So where has Shocked been in the decade since Traveler hit the record stores? In some ways, she’s where she’s always been: ambling around the world making music. At the same time, she’s come a long way from her punk-rock days hanging with the N.Y.C. homeless and waiting in line outside CBGB’s. She’s also a far piece from the early angst-folk of Campfire and Shocked.
“I no longer have to spell it out for my audience,” she says. “The role of the spokesman isn’t to educate, it’s to congregate.” Shocked is a bit of an archaeologist, continually sifting through musical strata seeking a deeper truth. She dove headlong into the African-American spiritual tradition, looking for the roots of folk music. “Even though my audience is diverse, I hadn’t crossed the color line,” she admits. Visiting a predominantly black Christian church, she began writing a gospel album — and ended up converted.
“Guess I went one too many Sundays,” she jokes.
Spirituality inevitably seeped into Shocked’s work. “I came to an understanding of what gospel music would sound like as sung by Michelle Shocked,” she says about Deep Natural. “I had a vision and I didn’t deter from it.”
The album is what it says: deep. It’s a soul-aching, hungry, haunted, New Orleans-entranced sort of deep. Shocked sings the blues like she means it. She pours herself into the music, her voice exploding over horns, guitar and reverb. She makes you want to get right with your savior, throw your hands in the air and testify. She tells a tale, carrying the listener with her the way most musicians wish they could. “In this world but of this world /I will never be/I can lift my eyes to glory /You can’t take my joy from me,” she wails in “Joy.”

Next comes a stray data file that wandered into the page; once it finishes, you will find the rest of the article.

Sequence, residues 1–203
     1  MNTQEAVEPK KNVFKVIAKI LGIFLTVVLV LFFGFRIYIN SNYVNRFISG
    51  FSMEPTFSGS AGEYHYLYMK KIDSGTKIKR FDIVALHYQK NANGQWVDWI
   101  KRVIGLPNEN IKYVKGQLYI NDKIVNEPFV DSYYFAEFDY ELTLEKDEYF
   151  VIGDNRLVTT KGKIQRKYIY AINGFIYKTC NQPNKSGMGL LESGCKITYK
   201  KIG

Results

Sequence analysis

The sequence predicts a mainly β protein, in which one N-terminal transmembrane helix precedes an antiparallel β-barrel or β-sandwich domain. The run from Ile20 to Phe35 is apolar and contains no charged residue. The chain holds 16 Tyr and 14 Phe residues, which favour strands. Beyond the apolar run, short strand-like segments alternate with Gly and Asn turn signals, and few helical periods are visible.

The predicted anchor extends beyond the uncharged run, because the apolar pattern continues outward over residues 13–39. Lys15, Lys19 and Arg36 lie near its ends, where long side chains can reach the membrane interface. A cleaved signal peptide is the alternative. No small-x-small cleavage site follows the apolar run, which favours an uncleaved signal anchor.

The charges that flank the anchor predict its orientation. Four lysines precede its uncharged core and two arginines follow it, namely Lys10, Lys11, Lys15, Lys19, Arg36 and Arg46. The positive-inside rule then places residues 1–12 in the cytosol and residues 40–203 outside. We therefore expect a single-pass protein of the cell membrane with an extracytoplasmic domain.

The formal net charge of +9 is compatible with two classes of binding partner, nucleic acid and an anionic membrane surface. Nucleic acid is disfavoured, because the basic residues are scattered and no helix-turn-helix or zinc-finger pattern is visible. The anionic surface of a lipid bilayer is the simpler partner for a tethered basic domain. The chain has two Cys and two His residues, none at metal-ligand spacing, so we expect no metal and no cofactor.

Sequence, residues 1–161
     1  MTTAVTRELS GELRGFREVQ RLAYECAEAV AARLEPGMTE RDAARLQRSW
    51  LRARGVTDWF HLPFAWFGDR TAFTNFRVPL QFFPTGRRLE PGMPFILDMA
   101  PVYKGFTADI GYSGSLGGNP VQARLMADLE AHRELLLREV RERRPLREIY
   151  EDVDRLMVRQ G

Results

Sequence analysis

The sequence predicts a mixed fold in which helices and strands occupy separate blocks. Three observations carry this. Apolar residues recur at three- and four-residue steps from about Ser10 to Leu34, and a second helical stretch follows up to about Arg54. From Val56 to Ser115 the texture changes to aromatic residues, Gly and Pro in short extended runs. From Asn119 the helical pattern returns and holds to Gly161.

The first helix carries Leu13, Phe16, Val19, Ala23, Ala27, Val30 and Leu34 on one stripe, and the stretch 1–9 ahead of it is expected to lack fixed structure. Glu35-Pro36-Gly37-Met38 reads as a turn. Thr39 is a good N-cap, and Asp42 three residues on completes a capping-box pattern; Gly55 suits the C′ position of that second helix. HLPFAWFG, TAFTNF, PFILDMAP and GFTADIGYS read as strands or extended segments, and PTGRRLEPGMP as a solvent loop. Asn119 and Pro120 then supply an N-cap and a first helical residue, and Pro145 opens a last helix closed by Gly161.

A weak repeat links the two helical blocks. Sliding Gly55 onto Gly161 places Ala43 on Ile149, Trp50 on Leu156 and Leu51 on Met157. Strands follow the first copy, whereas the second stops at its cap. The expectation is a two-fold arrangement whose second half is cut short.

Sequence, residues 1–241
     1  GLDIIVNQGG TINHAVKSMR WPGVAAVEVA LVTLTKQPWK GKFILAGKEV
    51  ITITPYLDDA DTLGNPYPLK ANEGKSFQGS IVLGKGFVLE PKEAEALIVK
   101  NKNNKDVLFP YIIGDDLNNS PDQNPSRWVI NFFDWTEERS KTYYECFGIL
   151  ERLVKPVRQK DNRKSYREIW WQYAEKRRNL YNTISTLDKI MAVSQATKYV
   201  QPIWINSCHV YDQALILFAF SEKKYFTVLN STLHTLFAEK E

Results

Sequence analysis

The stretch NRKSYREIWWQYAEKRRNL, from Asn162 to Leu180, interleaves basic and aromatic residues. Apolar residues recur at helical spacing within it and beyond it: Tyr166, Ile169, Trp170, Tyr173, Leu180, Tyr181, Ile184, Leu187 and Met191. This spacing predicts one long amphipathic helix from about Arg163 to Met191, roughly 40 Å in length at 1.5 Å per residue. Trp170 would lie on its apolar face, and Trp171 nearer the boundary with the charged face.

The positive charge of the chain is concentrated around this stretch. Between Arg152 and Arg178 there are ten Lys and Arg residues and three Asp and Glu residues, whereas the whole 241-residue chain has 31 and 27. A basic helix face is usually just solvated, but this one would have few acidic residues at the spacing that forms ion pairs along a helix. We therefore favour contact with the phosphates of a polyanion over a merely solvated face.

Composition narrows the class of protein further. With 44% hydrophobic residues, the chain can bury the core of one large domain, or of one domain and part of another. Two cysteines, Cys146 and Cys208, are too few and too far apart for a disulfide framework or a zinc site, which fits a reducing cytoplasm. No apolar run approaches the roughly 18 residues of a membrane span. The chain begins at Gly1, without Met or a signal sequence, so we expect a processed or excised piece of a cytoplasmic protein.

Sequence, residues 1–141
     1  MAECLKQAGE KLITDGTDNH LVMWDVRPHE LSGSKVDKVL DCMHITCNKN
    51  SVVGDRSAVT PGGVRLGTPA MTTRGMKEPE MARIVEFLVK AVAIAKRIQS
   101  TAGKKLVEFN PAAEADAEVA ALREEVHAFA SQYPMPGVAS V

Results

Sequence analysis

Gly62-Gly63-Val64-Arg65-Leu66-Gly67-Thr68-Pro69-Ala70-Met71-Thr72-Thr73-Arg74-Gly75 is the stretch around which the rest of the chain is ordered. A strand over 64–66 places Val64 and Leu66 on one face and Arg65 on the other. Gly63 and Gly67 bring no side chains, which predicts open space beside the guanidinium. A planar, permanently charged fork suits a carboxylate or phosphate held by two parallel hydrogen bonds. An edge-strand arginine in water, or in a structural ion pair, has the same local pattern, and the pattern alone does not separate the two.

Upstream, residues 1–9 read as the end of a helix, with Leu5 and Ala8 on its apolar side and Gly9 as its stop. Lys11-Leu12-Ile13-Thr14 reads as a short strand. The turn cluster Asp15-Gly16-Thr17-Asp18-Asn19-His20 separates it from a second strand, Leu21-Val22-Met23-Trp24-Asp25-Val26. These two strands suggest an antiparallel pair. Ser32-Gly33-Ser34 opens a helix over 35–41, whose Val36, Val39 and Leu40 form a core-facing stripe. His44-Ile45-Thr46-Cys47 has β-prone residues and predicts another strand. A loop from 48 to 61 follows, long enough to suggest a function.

If Shocked’s stuff seemed grounded before, these songs are subterranean. Shocked is the minstrel turned bard, creating aural history as she goes. “Little Billie danced the blues /Scratched his coffin with her shoes,” she sings in “Little Billie,” a song about a woman burying her son.
This is not a sad song — it’s a shout-hallelujah song. But it goes deeper still. Deep Natural comes with a twin recording, Dub Natural, a mostly instrumental set. Dub, the scion of Jamaican music techies working battered soundboards, blends instrumental prowess with space-age techno to create a vibe that speaks beyond lyrics.
Dub Natural says “step back from what Michelle Shocked is known for — lyrics and storytelling — and check out her groove,” the singer asserts. The two discs together are, if unusual, a vision fully realized. The band, these days, consists of O’Braonain, “a rock star among mere mortals,” as Shocked calls him on her Web site, on guitar, vocals and tin whistle; Rich Armstrong on trumpet, vocals and bass; Peter Buck (no relation to REM) playing drums and walls; Jamie Brewer on bass and additional vocals from Sean Dancy.
Shocked is moved by the spirit in more ways than one: She credits the ethereal presences of Jimi Hendrix, Bob Marley, John Lee Hooker and others in the making of Natural — but her ultimate source of inspiration is less concrete.
“When you’re looking for peace, it can’t be found,” she warns on the album’s final song. “You know it’s true/Peace finds you.”